In Mullins v. City of New York, the canary in a coal mine for a lot of other litigation involving the same issue, the federal Second Circuit Court of Appeals squarely faced the question of whether to defer to the Department of Labor on whether mid-level public safety supervisors were exempt from overtime under the Fair Labor Standards Act. The stakes in the case were high – at issue was the status of more than 4,000 police sergeants working for the New York Police Department. The position of sergeant is the second-lowest rank in NYPD, and sergeants have the following job responsibilities:
“Sergeants are generally involved in activities that include pursuing, restraining, and apprehending suspects. Sergeants interview witnesses, suspects, victims, and vehicle operators. They are dispatched to all arrests in their unit and must respond when directly dispatched. Sergeants are responsible for verifying whether probable cause to arrest a suspect exists. They also verify the target location for search warrants and determine whether a warrant is appropriate based on their judgment and evaluation as to the existence of probable cause. Sergeants secure and determine the size and scope of a crime scene prior to the arrival of the Crime Scene Unit. Sergeants also make the determination as to whether a show-up or line-up identification procedure may be conducted under the circumstances.”
When a trial court dismissed part of the sergeants’ lawsuit and sent the rest of the case to trial under jury instructions that generally adopted the employer’s interpretation of the law, a jury found the sergeants to be exempt. The sergeants then appealed to the Second Circuit.
After oral argument in the case, something unusual happened. The Second Circuit’s panel asked the DOL to weigh in with an amicus curiae (“friend of the court”) brief. The DOL agreed to the request and submitted a letter brief. In sum, the DOL took the position that the trial court badly misinterpreted the post-August 23, 2004 regulations, and suggested that the sergeants had the better half of the argument.
The Second Circuit sided with the sergeants and the DOL. The heart of the Court’s opinion is as follows:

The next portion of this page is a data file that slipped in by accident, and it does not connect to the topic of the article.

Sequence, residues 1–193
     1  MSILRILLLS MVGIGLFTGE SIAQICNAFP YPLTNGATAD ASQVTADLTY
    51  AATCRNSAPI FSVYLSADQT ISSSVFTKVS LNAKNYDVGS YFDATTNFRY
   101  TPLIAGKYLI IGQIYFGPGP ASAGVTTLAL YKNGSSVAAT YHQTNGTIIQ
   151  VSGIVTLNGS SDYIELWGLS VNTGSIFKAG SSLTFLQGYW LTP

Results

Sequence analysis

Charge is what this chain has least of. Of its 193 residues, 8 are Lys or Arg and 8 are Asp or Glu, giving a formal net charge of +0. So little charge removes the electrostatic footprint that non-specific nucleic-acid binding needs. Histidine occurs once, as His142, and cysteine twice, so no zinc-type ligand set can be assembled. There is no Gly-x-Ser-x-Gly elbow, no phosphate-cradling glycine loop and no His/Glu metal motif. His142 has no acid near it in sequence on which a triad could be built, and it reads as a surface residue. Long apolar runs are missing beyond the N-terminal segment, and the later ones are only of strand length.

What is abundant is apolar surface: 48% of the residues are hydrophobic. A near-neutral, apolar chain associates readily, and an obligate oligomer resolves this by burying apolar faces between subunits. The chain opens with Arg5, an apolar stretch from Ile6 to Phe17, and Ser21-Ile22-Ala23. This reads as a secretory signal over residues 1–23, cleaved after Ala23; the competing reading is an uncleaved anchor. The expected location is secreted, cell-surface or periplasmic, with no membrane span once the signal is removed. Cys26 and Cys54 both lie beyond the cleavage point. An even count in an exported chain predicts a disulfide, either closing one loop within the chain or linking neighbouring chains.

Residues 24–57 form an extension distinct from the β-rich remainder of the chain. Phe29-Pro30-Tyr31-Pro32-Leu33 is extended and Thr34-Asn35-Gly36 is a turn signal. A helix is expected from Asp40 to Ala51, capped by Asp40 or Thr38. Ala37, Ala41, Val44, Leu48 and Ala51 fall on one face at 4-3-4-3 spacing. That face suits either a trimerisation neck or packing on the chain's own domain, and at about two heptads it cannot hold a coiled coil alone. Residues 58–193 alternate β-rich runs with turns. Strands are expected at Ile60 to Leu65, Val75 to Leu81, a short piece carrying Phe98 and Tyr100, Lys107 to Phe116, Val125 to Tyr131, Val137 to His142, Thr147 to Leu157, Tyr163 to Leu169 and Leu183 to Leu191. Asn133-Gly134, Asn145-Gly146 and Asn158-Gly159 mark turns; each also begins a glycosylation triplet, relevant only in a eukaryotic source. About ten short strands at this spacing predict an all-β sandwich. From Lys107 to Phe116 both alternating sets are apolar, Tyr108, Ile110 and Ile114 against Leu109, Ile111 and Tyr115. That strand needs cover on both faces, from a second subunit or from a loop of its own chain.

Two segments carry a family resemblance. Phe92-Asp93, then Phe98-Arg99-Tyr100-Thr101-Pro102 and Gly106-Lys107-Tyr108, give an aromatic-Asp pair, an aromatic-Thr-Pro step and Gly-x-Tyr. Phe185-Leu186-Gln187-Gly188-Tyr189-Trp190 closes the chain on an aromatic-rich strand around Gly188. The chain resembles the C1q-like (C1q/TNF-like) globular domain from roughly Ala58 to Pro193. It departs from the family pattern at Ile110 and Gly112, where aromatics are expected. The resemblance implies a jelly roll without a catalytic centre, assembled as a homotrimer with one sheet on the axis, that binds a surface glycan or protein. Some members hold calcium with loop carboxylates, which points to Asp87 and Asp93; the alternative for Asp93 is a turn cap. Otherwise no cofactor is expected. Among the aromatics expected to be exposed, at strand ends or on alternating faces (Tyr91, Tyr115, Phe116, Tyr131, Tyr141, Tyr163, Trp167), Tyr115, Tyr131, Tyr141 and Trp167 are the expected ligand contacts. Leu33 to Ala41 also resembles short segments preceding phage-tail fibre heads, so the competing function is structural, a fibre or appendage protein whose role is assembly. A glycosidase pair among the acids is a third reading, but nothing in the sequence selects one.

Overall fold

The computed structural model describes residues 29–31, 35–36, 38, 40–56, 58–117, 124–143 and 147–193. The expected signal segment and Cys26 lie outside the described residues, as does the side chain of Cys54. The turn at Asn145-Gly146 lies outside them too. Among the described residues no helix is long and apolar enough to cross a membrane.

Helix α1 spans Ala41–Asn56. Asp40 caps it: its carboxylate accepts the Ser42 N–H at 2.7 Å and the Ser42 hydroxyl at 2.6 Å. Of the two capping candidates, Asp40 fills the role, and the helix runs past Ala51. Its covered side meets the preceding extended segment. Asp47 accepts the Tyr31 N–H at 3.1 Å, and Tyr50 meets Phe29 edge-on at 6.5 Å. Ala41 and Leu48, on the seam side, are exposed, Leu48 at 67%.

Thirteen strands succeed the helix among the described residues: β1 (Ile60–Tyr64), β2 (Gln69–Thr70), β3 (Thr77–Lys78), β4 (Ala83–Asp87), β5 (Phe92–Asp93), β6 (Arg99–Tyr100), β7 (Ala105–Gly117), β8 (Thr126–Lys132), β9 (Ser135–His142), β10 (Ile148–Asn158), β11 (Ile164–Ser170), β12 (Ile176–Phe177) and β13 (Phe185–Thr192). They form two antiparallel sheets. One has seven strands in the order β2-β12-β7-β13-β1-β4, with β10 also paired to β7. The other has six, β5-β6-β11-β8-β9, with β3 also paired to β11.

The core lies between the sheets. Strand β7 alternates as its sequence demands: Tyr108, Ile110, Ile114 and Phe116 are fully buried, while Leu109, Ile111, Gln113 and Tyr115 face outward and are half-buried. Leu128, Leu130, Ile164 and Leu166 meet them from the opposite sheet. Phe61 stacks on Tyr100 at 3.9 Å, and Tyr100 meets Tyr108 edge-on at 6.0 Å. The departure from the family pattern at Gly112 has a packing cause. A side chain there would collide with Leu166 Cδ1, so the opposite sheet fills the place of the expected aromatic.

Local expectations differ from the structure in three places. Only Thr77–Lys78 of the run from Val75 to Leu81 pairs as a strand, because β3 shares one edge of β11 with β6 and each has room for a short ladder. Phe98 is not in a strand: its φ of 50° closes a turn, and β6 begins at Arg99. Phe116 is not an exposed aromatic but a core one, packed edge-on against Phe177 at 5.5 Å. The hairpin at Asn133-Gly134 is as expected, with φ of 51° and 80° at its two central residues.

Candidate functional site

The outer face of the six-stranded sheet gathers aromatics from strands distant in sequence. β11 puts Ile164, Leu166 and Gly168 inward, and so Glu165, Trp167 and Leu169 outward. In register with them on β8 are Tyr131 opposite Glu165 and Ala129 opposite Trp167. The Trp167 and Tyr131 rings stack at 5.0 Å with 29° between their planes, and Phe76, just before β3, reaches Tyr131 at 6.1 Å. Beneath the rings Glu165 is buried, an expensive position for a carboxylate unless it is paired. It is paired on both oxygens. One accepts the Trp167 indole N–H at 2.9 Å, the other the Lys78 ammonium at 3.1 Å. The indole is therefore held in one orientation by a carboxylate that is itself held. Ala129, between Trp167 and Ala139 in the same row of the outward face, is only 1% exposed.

“Contrary to the City’s position, the Secretary’s interpretation does not exceed her statutory authority. The FLSA delegates authority to the Secretary to ‘define and delimit’ the scope of the exemptions from the FLSA’s overtime requirements, and the new regulations were promulgated pursuant to the Secretary’s delegated authority. The Secretary’s interpretation does not articulate an ‘industry specific’ exception by separating out first responders for particular treatment, and even if it did, industry-specific exceptions are not precluded by the text of the statute. Based on Congress’ express grant of authority, the Secretary established the scope of ‘management’ by delimiting that term and excluding certain types of activities that are typically performed by police officers, firefighters, investigators ‘and similar employees.’ The regulation thus focuses on particular types of activities, which are performed generally by front-line responders, rather than on a particular industry.
“Even to the extent that the Secretary’s regulation could be interpreted to treat first responders differently than workers in other industries, the Secretary’s interpretation does not, as the City maintains, depend fundamentally on the location of those activities. That such activities occur ‘in the field’ is not the dispositive element; the Secretary’s reasoned justification is that such activities, when performed by first responders in the course of their front-line duties, do not involve the ‘management of the enterprise in which the employee is employed,’ and therefore should not be deemed ‘management.’”
The Court concluded that the DOL had distinguished between “supervision” and “management,” a distinction it not only found the DOL was entitled to make, but which the Court thought was the correct distinction:
“The Secretary does not, as a result, eliminate the primary duties test in her interpretation of the first responder regulation. While ‘directing operations at crime, fire or accident scenes’ appears, at first blush, to be a type of management that sergeants undertake, when their supervisory activities are viewed within the context of the first responder regulation as interpreted by the Secretary, it becomes apparent that, because these activities form part of sergeants’ primary field law enforcement duties, such supervision is not to be deemed ‘management.’ Even to the extent that the City identifies a tension between the text of the first responder regulation and the primary duties test, this is, at best, an ambiguity that does not preclude deference to the Secretary’s interpretation.
“Addressing that ambiguity, the Secretary argues that certain managerial tasks such as ‘directing operations at crime, fire or accident scenes’ when performed by high-level personnel who typically did not engage in any front-line activities would still be considered ‘management.’ The Secretary’s interpretation is consistent with both the text of the first responder regulation and the bona fide executive exemption and therefore far from clearly erroneous.”
The Court remanded the case to the trial court with instructions to enter judgment in favor of the sergeants and for “additional proceedings not inconsistent with this opinion” (in other words, to calculate the damages owed the sergeants).
This article appears in the September 2011 issue